London being a big city in the midst of a furious expansion in the number of bars and breweries it was perhaps inevitable that someone would come along and take the vacant name London Beer Week for a rival event. A more out-and-out commercial project it first ran in February 2015 with the slick Craft Beer Rising festival as its centrepiece, and bars across the city running special offers for those wearing LBW wristbands.
Sheffield, for many years a city with a cult following among British beer lovers because of its many great pubs and nearby breweries, got its beer week only last year. The driving force behind it is Jules Gray, formerly an employee of a large industrial brewing concern, and now a writer and the proprietor of The Hop Hideout, a quirky beer shop in Sheffield’s Abbeydale district. She explains her motivation:
The three key ‘things’ that inspired me were, first, seeing events like Norwich’s City of Ale and London Beer City. Secondly, SIBA [formerly the Society of Independent Brewers] hosting a beer trade and consumer beer event in Sheffield. I was afraid [SIBA’s BeerX] might leave the city and also thought that, well, there are all these brewers in Sheffield, I’m sure they’d love to do fringe events. And, thirdly, unity and collaboration — a sort of lets- beat-a-unified-drum about Sheffield. I was getting tired of visiting other cities such as Manchester and Leeds to attend exciting beery events so why not make it happen in Sheffield?
In the last year or so that final point has become a recurring, motivating theme — if them, why not us?
Manchester Beer Week will run for the first time in June this year. The man behind it is Connor Murphy who cites regional pride as a major factor in the decision to give up his spare time organising such an event:
I’m a proud Mancunian so although I was pleased to see similar festivals enjoying success in London, Bristol and Norwich, there was always that nagging thought in the back of my head: ‘Why doesn’t Manchester have something like this?’ In the absence of anyone else doing it I thought I’d take up the mantle.
Stephen Powell of Bristol Beer Week talks about the pride he feels in getting people to visit his home city who might otherwise not bother:
We had some guys come over from Italy last year who had never been to Bristol before. I helped them pick the right hotel and made sure they were comfortable where they were going during the week. That was pretty awesome.
Sometimes, there is also a desire to wade into the (low key) cultural battle between the cults of real ale and craft beer, as in Connor Murphy’s case:
I also wanted to start bridging gaps between the traditional ale scene and the modern ‘craft beer’ movement. Up to this point it’s been a bit of a case of never the twain shall meet, particularly in Manchester, but I’m keen to encourage drinkers from both sides to understand and experience what motivates the other. This is why I was as keen to involve CAMRA in my plans as I was many of the more modern breweries and venues throughout the city.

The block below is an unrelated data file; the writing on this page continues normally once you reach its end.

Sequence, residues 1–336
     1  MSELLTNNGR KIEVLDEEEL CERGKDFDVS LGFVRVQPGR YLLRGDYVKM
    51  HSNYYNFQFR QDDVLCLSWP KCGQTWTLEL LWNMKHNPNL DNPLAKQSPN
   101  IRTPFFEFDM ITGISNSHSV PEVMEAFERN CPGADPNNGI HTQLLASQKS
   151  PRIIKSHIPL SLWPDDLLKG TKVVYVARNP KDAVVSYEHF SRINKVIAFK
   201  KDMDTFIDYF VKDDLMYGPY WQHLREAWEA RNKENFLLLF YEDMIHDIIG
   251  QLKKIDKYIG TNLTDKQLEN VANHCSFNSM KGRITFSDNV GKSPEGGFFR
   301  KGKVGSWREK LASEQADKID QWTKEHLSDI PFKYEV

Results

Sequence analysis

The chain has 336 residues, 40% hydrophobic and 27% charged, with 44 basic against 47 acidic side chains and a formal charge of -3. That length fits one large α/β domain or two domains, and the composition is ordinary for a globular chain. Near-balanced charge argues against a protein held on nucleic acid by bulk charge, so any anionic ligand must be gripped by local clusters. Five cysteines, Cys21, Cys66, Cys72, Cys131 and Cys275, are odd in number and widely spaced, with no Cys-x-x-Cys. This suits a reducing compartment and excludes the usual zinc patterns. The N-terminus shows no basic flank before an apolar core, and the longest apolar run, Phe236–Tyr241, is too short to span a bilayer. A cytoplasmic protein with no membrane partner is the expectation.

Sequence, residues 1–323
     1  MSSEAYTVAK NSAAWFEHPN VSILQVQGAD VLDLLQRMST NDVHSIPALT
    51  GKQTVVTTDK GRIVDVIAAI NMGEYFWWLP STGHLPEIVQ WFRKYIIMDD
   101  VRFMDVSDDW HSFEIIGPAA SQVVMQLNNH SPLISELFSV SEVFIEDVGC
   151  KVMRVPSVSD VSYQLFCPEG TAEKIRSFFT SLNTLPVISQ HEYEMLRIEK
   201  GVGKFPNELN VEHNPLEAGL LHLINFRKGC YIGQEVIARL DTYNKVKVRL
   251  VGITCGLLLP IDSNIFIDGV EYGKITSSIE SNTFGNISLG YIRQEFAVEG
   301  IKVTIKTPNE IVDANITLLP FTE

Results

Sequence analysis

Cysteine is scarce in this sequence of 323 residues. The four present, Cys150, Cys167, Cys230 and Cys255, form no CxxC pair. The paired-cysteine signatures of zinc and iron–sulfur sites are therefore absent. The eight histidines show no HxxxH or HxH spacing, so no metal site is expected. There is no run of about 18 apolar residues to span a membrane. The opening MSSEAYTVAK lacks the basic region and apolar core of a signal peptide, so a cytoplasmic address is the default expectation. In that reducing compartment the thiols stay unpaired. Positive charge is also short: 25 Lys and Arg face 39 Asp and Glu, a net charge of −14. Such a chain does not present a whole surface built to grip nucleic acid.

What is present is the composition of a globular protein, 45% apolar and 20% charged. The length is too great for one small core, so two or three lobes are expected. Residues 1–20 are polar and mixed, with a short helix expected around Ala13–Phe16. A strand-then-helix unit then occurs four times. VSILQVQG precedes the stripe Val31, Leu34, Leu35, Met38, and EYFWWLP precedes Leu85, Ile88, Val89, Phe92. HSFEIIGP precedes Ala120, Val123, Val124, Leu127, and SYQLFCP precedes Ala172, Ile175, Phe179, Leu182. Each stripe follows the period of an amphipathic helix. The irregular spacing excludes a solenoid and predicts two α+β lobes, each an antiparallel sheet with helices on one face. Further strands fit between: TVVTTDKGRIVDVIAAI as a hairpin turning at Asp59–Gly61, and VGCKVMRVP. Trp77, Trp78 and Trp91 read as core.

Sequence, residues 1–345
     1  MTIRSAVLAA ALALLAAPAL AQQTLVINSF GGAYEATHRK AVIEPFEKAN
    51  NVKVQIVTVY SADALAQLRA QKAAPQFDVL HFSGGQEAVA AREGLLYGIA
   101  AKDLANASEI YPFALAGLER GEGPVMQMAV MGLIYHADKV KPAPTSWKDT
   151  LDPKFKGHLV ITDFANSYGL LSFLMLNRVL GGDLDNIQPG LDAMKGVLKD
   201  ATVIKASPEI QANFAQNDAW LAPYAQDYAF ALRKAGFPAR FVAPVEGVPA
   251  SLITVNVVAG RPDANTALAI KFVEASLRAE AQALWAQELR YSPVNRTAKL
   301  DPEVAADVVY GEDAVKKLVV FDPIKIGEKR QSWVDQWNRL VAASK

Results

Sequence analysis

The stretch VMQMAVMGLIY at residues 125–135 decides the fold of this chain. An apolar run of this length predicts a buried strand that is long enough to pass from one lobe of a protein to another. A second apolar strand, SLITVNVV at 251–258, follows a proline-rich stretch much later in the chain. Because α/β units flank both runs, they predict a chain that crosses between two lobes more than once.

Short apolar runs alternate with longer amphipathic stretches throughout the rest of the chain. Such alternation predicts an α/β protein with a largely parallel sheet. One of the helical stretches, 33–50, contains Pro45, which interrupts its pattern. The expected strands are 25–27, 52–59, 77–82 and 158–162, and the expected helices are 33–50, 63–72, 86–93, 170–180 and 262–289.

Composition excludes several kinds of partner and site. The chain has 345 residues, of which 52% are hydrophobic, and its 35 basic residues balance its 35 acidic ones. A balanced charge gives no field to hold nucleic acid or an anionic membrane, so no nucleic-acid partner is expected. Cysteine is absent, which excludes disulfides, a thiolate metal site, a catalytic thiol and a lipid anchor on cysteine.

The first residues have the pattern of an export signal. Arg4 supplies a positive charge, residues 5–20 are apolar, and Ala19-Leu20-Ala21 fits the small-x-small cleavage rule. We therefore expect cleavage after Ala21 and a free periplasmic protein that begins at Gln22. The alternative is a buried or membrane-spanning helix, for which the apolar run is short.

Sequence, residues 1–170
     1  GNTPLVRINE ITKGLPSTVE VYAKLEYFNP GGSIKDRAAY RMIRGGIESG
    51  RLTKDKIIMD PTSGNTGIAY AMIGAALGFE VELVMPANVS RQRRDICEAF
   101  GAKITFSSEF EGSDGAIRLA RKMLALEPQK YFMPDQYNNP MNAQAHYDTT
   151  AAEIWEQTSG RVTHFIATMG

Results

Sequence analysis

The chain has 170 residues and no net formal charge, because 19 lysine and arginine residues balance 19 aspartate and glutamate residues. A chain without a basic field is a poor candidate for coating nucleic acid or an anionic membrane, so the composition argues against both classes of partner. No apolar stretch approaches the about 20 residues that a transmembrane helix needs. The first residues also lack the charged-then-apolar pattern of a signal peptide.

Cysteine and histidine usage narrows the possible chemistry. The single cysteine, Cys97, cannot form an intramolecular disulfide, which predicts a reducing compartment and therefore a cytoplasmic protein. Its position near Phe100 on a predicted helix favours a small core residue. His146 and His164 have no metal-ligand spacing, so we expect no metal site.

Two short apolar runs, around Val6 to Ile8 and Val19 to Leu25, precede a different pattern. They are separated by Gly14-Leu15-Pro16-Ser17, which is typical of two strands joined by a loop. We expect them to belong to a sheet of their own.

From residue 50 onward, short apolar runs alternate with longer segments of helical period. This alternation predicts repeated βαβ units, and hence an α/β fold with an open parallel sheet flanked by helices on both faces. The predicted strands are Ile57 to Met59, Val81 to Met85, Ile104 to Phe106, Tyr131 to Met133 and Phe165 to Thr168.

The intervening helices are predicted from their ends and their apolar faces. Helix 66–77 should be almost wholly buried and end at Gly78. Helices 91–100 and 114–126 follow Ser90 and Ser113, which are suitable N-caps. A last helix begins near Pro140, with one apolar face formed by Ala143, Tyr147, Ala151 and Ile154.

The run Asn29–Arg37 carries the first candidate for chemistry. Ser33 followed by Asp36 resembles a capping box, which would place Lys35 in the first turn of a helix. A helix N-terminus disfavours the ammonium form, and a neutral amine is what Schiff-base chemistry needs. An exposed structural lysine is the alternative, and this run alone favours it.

A cynic might suggest — in fact probably will, in the comments below –that the organisers of such events also have an eye on raising their own profiles, though if that’s the case, aren’t there less strenuous and more effective ways of doing so? We tend, in this case, to take declarations of motive at face value, not least because we’ve met Jules Gray and she struck us as genuinely idealistic and community-minded.
In 2016 there are, by our count, nine beer weeks scheduled for 2016 (the London Beer Week was in February). The most recent additions to the calendar are Leeds (apparently prompted by the Tweet above) and Birmingham, the latter building on the buzz that already surrounds the three-day independent Beer Bash festival.
As they proliferate and become annual events they perhaps seem less special and lose some of their allure. Even at present numbers some gentle argy-bargy is already under way around dates — no two beer weeks want to be in competition with one another for the limited amount of dedicated beer geek trade. But the organisers of existing beer weeks seem, in general, to welcome those emerging in other cities, as expressed by Will Hawkes:
As long as it comes from that place – like with Manchester, where Connor, who’s running it, lives there, knows the city and what’s happening – I think it’s great. It’s a reflection of local beer culture and the energy in a place. I’d like to maybe get some sort of link-up with the other weeks. I’m going to Sheffield. I know one northern brewery is keen to introduce a competitive aspect… That might be fun.
We’d be surprised if next year doesn’t bring several more and would be willing to put money on Newcastle announcing next.
Kinda feel like Newcastle should have its own beer week. A good platform for our local Brewers to showcase their talent. #NewcastleBeerWeek
— Myles Lambert (@MylesLambert) February 15, 2016
Increasingly it feels as if a couple of breweries and a few good real ale pubs aren’t enough: these days, a town without its own beer week is in danger of losing any claim it might have to being a real Beer City.
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Beer Weeks Scheduled for 2016
Sheffield Beer Week | 14-22 March | sheffieldbeerweek.co.uk
Norwich City of Ale | 26 May-5 June | cityofale.org.uk
Manchester Beer Week | 10-19 June | mcrbeerweek.co.uk
Nottingham Craft Beer Week | 4-10 July | craftbeerweek.co.uk (website out of date)
Birmingham Beer Week | 15-23 July | facebook.com/BirmBeerWeek
London Beer City | 5-14 August | londonbeercity.com
Stockport Beer Week | 24 September-4 October | ssmcamra.co.uk
Leeds Beer Week | Summer 2016 | twitter.com/LeedsBeerWeek
Bristol Beer Week | Autumn 2016 | bristolbeerweek.co.uk
This post is based on email exchanges; small edits have been to some quotes for clarity and style.
Updates: 14:35 16/03/2016 We got the chronology of Glasgow Beer Week wrong — it actually ran for three years from 2011-2013. 22:35 16/03/2016 Stockport Beer Week first ran in 2015 so we’ve removed it from the list of recent additions.